However early in 1946 negociations over the use of the port of Haiphong escalated with a confrontation between the Vietminh in control and the newly arrived military force at Haiphong. As these negociations dragged on, they eventually broke up on November 23, 1946, as the newly appointed admiral Thierry d’Argenlieu ordered the cruiser suffren to open fire on the port city, making at least 6000 dead, but securing the departure of Vietminh forces. D’Argenlieu arrived previously on 31 October 1945, as High Commissioner of the French Far East Expeditionary Corps, and in 1946 was promoted vice-amiral d’escadre and later admiral.
Outside the Haiphong bombardment he also installed a puppet Autonomous Republic of Cochinchina in violation of the March agreement with Viet Minh delegates in France. Considered a grave provocation, it ended negotiations and provoked in effect the First Indochina War. His actions has been so controversial that he was relieved of command by Paris in March 1947, replaced by Émile Bollaert. Soon, General Võ Nguyên Giáp brought up 30,000 men to retake Haiphong, while France prepared troopships to be sent with to Indochina. In 1947, as the guerilla was stepped-up, the French landed troops along the coast and the fleet grew to large proportions in 1949-50, mobilizing cruisers, destroyers, and the newly acquired aircraft carriers such as the arromanches, which will provide precious support during many operations to come. In 1949 also, the US started to give military aid to France, but soon the Pentagon and the world’s attention was focused by the Korean war. The French presence was now accepted as a way to prevent the spread of communism, the first allies contacted by Ho Chhi Minh for support after the US diplomatic indifference.
The Arromanches in 1953
French Naval Operations
The French Navy had operated in Indochina a large variety of ships: The carrier Arromanches, Dixmude (ex-Biter), Bois Belleau (ex-Belleau Woods) the battleship Richelieu (which for example bombarded Nha Trang but was recalled in the Mediterranean during the Suez crisis), all three surviving La Galissonnière class cruisers Gloire, G. Leygues and Montcalm, Duquesne made two campaigns there, and Tourville, which served with the Far East (FMEO) with her sister-ship and Suffren, later called the Naval Division of the Far East (DNEO).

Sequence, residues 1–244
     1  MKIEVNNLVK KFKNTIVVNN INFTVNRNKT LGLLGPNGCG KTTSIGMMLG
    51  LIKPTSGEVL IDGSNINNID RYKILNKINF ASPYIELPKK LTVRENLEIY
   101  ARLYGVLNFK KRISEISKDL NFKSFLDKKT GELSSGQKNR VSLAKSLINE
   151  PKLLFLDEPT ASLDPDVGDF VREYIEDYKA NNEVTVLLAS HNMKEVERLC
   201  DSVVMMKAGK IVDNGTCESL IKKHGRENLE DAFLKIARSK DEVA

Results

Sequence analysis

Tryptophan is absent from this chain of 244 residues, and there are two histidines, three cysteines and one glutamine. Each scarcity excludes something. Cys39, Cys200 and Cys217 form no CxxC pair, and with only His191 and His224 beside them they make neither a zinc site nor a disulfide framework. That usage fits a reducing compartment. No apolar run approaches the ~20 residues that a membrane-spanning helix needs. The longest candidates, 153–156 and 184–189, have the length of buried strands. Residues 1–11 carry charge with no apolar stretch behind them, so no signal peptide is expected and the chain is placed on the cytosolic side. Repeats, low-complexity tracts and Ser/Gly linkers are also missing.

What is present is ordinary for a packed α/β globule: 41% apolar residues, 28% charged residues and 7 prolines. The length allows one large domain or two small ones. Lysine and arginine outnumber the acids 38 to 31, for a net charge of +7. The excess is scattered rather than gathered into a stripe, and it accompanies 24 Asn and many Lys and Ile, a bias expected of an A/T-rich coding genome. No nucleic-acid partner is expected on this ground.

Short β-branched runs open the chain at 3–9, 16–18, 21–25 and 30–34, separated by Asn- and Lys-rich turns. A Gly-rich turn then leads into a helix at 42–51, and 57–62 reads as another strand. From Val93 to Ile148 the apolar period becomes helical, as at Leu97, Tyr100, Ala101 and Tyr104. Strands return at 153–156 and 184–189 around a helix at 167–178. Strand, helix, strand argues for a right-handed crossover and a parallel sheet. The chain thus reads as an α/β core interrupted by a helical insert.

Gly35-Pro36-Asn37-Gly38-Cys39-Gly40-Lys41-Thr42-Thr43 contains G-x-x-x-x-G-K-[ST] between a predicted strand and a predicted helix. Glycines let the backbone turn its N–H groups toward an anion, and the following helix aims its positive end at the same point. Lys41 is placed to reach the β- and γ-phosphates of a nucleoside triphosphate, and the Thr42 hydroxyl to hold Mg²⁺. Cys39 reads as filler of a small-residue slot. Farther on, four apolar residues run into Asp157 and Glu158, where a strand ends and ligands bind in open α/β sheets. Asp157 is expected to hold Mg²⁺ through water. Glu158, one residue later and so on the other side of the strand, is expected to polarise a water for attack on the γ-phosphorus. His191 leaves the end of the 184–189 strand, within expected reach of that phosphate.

However missions at sea only were useful to bring support in coastal operations and cover troopships and landings, but a large part of operations inland also called for a French riverine fleet. This started with very limited assets: A handful of converted civilian barges, manned by personnel released from Japanese POW camps, in bad shape. There were also limited logistics and support, but this allowed some control of the lower Mekong Delta, and later during the war, as far north as Phnom Penh. In 1946-49, these assets grew rapidly as more landings ships were transferred from the Mediterranean, which can be used with their shallow draft. In particular, former British landing craft were used since 1945, already available. They allowed to also patrol the Mekong’s tributaries and the Mekong delta. Some advanced bases along the river were also constructed, still there in the 1960s and sometimes reused by the USMC.
Jaubert’s riverine successes
Nevertheless, economic devastation and political instability at home prevented massive support: The navy had a low budget priority, ans US support was yet absent. Nevertheless, early tactical successes were due to the innovative tactics introduced by France’s first naval chief in Indochina, Commander François Jaubert. With the Far East Naval Brigade, he created a tool in 1945 combining naval-land river units first used to “clean up” Viet Minh positions around Saigon, before going northwards along the Mekong river and other major cities. His first mission called MOUSSAC happened in October 1945, and secured the river Bassac, also recapturing the provincial capitals My Tho and Can Tho.